5G is significantly different from previous generations of mobile technology. With 4G and its predecessors, operators aimed to quickly reach a high percentage of the population and largely displace the technology that had gone before it. It seems much more likely that standalone 5G will exist alongside 4G and will be aimed at enterprises and institutions. It will be guided in particular by opportunities to shape emerging, highly digital “smart” environments. The recently announced Gatwick Airport initiative is an example of this trend.
Gatwick is London’s second airport, servicing a million or so passengers every week and managing aircrew, ground crew and millions of assets in constant motion around a tightly confined space 24 hours a day. Business processes, from check in to loading and boarding, are complex and time-critical.
A key contributor to the five-year strategic re-invention program that will make Gatwick more efficient and competitive is Vodafone’s deployment of 5G and fiber. Tracking assets such as trucks, trolleys, luggage and airline catering as well as passengers will help the airport optimize logistics, improve the customer experience and reduce operational costs.
There are B2C and B2B opportunities in this rollout of full 5G, too. For example, high-capacity, low-latency wireless will let airports like Gatwick offer high-volume streaming, VR and gaming to passengers with time to kill. And the many small businesses and franchises that occupy the site, offering everything from catering to retail electronics, are likely to welcome — and pay for — the opportunities offered by 5G communications. 5G is a critical component in this initiative, bringing a convergent network capability that can adjust for a broad range of fixed and mobile applications, and scale to meet constant fluctuations and variations in demand.
Big transformative projects of the kind that we see at Gatwick will offer telcos huge opportunities to leverage their investment in 5G. The clear and immediate opportunity will be massive connectivity of devices, franchise businesses and subscribers in transit, driving substantial revenue from a high density of users and traffic. 5G will be critical here, particularly in its ability to slice and control the available network according to the demands of different use cases and applications. Adjusting capacity and latency characteristics to meet the demands of VR gaming, real-time trolley tracking or general consumer access are just some of these examples.
However, it’s clear that in such environments, connectivity will not be a static thing; it will be a sophisticated proposition that will leverage 5G’s flexible capabilities. The BSS that sits behind it will have to be similarly adaptable, measuring not just bits and bytes, but chargeable elements such as delivered QoS measured against agreed SLAs.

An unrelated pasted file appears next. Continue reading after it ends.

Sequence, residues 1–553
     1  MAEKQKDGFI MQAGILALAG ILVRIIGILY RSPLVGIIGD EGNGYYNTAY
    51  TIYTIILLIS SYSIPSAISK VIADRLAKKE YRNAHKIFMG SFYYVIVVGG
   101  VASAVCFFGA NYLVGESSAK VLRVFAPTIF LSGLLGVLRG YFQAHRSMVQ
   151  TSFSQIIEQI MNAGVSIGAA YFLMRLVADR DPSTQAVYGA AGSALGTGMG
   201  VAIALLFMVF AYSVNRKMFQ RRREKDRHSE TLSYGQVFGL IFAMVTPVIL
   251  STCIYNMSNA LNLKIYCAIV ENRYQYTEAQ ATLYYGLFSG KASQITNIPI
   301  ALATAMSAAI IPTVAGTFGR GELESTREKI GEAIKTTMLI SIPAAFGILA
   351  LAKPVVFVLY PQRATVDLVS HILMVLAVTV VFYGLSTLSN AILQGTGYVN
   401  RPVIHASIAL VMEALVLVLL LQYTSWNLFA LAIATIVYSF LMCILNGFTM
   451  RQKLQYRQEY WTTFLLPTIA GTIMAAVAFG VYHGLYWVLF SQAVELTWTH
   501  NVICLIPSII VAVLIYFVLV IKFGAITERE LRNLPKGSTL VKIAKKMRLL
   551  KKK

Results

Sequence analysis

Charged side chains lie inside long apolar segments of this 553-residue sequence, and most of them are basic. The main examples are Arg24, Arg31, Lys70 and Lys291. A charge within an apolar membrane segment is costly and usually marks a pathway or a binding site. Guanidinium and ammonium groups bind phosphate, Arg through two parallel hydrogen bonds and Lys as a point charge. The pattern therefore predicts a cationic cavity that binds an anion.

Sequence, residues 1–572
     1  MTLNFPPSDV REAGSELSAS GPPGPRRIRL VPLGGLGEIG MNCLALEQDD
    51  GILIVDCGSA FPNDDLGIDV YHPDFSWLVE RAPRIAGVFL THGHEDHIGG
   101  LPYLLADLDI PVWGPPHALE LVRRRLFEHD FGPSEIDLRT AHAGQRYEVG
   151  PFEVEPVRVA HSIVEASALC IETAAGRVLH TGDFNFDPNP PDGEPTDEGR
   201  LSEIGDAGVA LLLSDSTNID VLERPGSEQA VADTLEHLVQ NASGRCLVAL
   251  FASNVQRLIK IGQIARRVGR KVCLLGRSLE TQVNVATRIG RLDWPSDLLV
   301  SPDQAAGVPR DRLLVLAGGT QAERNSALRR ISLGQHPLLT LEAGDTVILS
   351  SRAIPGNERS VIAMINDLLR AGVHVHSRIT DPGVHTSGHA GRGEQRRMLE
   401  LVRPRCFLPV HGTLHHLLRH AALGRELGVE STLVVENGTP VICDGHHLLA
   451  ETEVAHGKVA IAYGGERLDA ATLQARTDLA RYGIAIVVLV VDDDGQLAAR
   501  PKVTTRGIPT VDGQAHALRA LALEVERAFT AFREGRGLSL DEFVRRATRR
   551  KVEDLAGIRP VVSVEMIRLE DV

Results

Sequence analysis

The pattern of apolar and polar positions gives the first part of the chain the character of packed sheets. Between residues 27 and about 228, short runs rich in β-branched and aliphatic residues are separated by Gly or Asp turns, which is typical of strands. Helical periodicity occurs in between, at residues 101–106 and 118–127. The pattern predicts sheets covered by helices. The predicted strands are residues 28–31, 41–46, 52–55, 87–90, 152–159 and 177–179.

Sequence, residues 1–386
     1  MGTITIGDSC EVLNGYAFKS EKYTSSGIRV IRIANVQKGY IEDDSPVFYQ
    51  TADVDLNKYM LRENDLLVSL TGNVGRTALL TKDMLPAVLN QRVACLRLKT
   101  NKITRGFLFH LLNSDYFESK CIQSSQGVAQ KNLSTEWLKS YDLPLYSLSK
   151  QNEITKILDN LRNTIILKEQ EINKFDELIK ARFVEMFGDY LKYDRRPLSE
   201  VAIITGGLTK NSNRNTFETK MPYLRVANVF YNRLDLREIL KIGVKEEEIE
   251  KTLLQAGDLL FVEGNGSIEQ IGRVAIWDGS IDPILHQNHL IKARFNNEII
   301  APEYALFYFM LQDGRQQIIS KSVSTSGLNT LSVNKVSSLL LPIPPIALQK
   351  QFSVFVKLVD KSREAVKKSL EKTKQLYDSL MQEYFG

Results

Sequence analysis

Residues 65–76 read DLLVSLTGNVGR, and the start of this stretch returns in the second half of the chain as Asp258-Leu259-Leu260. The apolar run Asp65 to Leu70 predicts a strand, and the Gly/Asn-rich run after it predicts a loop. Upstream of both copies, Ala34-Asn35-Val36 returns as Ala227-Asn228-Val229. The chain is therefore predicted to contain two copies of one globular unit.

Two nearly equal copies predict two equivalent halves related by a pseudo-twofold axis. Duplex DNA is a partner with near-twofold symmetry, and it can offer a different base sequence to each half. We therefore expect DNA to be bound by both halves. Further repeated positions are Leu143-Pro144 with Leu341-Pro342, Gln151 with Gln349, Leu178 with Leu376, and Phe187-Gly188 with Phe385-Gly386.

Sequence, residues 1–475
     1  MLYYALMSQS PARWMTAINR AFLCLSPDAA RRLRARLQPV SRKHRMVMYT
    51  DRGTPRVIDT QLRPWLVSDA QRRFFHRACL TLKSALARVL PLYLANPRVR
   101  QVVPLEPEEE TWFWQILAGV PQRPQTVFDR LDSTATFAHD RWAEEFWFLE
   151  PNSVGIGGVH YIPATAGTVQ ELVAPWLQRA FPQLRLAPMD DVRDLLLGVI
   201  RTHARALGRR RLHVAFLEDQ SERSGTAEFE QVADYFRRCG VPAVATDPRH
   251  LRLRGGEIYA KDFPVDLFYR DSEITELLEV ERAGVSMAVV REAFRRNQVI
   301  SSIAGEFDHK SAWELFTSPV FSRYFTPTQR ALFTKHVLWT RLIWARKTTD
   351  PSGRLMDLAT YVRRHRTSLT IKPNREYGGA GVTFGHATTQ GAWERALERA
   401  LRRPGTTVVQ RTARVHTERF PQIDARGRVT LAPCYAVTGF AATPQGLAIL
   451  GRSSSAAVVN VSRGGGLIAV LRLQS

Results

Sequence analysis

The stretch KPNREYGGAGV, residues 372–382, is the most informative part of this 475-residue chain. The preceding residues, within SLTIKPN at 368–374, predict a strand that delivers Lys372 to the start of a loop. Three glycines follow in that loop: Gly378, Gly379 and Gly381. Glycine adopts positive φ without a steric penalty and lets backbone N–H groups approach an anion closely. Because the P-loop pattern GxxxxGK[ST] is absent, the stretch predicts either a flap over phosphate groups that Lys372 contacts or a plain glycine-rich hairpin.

Connectivity is just the start. As part of these major transformations, telcos can exploit the critical role played by 5G to rise much further up the value chain and offer services ranging from asset management to analytics and application management. We’re likely to see many operators pushing into adjacent services such as site security, smart ticketing and customer/passenger logistics. Others will invest more deeply in their enterprise relationships to develop close partnership models and vertical-specific propositions that have the potential to deliver rich and sustainable revenues.
None of this will be easy, but 5G creates an opportunity for telcos to move out of their comfort zone and become more closely aligned and collaborative with enterprises that are changing the way we live and work. Investment in new kinds of expertise will almost certainly be needed, as will a willingness to adapt telco business and operating models, not least to deploy systems and processes that will do more than measure SIMs and traffic.
Gatwick is a customer and an environment that offers telecoms a rich diversity of monetization opportunities that will justify the 5G rollout. It’s not hard to see similar opportunities emerging elsewhere. Major railway stations and ports, universities, hospitals, high-density business areas, city centers, sports stadiums and more are similarly driven to find operating efficiencies while offering a better — and highly monetizable — experience to millions of consumers.
5G has the potential to transform today’s commercial and industrial arenas into fertile environments for digital commerce. It also has the potential to open new roles and revenue opportunities for forward-looking telcos. This time, can they step up and seize the glittering prizes on offer?